In a troubling wildlife mystery, California brown pelicans are turning up sick or dead in suburban ponds, driveways and backyards - far from their ocean home.

Two of the elegant birds, emaciated and disoriented, were found in San Jose last week. Another was rescued from Searsville Dam at Stanford University's Jasper Ridge Preserve. Others have been reported at such unlikely locations as Belmont, San Bruno, Brisbane and Burlingame. One fell out of a tree in Oakland. Two were found in a San Francisco dumpster; another stopped traffic on the Golden Gate Bridge.

"Normally, they're on piers and places where they can find fish,'' said Rebecca Ryan of the Peninsula Humane Society in San Mateo, which has stabilized several sick birds. "Now they are appearing in really unusual places.''

All told, an estimated 270 dead or ailing pelicans have been found in recent weeks from Washington state to Baja California, including dozens from the Monterey Bay area and along the San Mateo County coast, according to the International Bird Rescue Research Center, which runs facilities in Fairfield and Los Angeles. About 35 pelicans are now in treatment at the Fairfield clinic; this time last year there were only two. Another 65 are being treated in Los Angeles.

The brown pelican, whose wingspan measures six feet, is beloved for its soaring flight and dramatic capture of prey, with a headfirst dive in the water from great heights.

An endangered species that has endured decades of DDT exposure, oil spills, fish hooks, gunshot and other hardships, pelican populations have rebounded in recent years. Biologists have been celebrating the resurgence of a creature that once seemed doomed for extinction.

Die-offs of young birds aren't uncommon along the coast this time of year. But bird rescuers knew something was amiss when many of the sick pelicans were adults, found far inland, bruised and starving.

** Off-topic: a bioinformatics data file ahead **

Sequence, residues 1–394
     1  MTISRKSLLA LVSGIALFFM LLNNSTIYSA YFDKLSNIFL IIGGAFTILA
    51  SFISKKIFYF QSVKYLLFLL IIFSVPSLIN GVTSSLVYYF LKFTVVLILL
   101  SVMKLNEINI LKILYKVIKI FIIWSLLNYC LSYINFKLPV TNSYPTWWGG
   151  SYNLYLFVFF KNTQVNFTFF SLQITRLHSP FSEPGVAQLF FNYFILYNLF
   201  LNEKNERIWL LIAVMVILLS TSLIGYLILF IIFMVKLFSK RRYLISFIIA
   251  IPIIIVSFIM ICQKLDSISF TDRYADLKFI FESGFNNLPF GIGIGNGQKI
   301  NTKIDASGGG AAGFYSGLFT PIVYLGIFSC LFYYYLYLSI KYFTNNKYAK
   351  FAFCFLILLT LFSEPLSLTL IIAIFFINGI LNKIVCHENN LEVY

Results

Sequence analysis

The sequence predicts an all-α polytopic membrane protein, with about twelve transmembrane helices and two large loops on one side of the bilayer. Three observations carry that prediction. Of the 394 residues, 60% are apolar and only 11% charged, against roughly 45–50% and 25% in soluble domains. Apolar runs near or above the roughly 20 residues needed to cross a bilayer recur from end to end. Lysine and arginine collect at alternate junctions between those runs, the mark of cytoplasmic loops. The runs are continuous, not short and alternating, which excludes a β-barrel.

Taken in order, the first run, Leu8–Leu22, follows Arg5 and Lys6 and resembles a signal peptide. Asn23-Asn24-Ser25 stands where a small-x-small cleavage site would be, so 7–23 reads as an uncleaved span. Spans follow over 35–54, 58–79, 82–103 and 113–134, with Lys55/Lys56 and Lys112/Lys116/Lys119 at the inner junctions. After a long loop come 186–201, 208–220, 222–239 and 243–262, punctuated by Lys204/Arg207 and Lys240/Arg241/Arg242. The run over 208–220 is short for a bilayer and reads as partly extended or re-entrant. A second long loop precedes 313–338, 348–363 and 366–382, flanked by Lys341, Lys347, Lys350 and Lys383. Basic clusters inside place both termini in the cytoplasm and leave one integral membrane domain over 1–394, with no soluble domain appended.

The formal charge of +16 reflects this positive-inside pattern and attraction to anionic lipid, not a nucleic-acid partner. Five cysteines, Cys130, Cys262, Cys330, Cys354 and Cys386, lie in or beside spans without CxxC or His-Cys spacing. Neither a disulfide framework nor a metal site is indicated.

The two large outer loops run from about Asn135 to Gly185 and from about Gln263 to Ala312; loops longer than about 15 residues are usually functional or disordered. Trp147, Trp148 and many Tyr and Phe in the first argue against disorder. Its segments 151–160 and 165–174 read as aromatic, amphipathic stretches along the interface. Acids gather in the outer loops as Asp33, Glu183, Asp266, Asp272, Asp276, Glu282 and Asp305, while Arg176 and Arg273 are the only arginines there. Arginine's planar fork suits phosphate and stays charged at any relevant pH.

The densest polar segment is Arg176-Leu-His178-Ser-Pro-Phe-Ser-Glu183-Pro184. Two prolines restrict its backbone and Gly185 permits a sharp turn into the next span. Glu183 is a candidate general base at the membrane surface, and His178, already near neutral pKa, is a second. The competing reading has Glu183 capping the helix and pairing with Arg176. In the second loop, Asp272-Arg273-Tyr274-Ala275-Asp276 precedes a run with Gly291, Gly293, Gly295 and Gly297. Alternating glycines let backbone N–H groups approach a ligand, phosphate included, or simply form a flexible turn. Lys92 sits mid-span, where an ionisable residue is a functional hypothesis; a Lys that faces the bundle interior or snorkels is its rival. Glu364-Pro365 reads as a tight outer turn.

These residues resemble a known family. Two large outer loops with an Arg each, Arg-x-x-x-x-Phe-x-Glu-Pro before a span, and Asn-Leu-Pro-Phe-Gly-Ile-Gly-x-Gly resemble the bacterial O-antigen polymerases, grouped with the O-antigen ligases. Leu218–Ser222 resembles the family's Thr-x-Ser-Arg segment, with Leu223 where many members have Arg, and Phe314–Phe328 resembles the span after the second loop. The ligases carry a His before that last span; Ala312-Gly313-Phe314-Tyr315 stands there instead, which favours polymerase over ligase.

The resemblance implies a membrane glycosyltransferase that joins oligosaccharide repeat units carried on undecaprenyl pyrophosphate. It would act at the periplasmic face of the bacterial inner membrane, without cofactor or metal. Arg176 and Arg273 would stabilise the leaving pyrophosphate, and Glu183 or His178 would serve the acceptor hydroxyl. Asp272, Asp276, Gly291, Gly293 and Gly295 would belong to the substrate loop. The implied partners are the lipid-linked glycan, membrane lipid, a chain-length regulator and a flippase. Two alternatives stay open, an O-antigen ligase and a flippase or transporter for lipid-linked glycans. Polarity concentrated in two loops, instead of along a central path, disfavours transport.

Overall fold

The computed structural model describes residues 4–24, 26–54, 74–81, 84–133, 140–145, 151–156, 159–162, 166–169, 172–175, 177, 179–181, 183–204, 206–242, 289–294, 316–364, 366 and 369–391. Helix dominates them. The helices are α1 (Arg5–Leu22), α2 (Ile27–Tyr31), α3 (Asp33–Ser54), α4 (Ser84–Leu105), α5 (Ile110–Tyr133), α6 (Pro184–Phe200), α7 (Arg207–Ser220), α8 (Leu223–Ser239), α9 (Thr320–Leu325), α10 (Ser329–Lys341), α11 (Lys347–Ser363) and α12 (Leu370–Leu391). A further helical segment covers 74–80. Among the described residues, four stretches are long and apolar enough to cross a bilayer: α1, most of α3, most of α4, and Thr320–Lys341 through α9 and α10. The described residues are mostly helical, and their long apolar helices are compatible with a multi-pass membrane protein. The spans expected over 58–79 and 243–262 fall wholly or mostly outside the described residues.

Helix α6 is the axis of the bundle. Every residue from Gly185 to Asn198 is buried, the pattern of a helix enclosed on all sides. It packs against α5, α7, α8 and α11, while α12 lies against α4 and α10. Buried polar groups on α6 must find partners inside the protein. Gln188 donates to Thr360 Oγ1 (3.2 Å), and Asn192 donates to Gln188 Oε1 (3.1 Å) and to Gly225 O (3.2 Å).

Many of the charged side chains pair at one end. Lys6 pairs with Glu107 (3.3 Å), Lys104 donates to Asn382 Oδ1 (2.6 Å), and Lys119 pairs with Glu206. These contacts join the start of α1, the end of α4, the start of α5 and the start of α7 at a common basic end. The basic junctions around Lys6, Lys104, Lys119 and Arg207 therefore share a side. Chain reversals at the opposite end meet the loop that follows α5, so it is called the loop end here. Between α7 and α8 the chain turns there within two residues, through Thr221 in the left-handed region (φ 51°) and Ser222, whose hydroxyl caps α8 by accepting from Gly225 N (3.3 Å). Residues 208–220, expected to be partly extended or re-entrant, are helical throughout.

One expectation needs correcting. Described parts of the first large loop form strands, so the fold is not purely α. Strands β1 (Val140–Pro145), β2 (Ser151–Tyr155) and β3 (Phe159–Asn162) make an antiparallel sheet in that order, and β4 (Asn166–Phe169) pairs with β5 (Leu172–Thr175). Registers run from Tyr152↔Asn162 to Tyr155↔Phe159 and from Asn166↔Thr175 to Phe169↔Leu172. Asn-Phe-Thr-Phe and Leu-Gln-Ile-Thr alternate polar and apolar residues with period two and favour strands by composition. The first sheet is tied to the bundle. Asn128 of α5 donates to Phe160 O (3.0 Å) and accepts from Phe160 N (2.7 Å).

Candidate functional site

A social animal, it is rarely found alone. So it was startling to find one bewildered bird in a Kmart parking lot in Lompoc, another outside a Costco in Goleta and a third on the runway at Los Angeles International Airport. One pelican was found at an elevation of 7,200 feet in the New Mexico snow.

"It is frightening,'' said Laurie Pyne, development director of International Bird Rescue Research Center in Fairfield. "We don't know what it is or how many are truly affected. We don't know the long-term effects on their populations.''

Experts are racing to identify what's behind the latest die-off. Studies of blood and tissue are under way at the University of Southern California, the Department of Fish and Game at the University of California-Davis and the U.S. Fish and Wildlife Department in Madison, Wis. Results are expected within two weeks.

"It will take some detective work,'' said Dan Anderson, an avian specialist at UC-Davis.

Because sardines and anchovies are plentiful, experts have ruled out starvation.

The initial suspect was domoic acid, a neurotoxin produced by microscopic algae. But the pattern doesn't seem to fit. For one thing, toxic outbreaks usually occur later in the year. And birds poisoned by domoic acid generally suffer seizures; these sick pelicans have not. Finally, no other animals in the marine ecosystem seem to be affected.

Lab results on Friday found that only half of the birds tested positive for domoic acid - but scientists say that is not definitive enough to prove that it is the primary cause of the widespread illness.

"We believe these results are significant but do not explain all the signs we are seeing in the pelicans,'' veterinarian Heather Nevill, who is leading the investigation at the International Bird Rescue Research Center, said in a statement. "We are seeing a number of conditions that are not typical of domoic acid toxicity or a domoic acid event. Therefore, we are continuing to collect and test samples, keeping an open mind and considering all possibilities."

Other theories have surfaced. Perhaps the birds are ingesting toxic fire retardants that washed to sea after recent fires. Maybe they're sick with a viral infection. Or perhaps the cold weather that hit the Pacific Northwest in December boosted their susceptibility to some yet-identified disease. Or there could be a confluence of factors.

The majority of discovered pelicans are either dead or must be euthanized because of weakness or injuries suffered due to disorientation, such as severe wing fractures. "Someone described watching a pelican walk unsteadily - then he just fell over and died,'' Pyne said.

But those in treatment are being nursed back to health with a diet of fish, water and vitamins, at an estimated cost of $800 to $1,000 per bird, she said. Then they will be released.

''They're recovering and eating,'' Pyne said. "They're getting stronger and seem to be coming around.''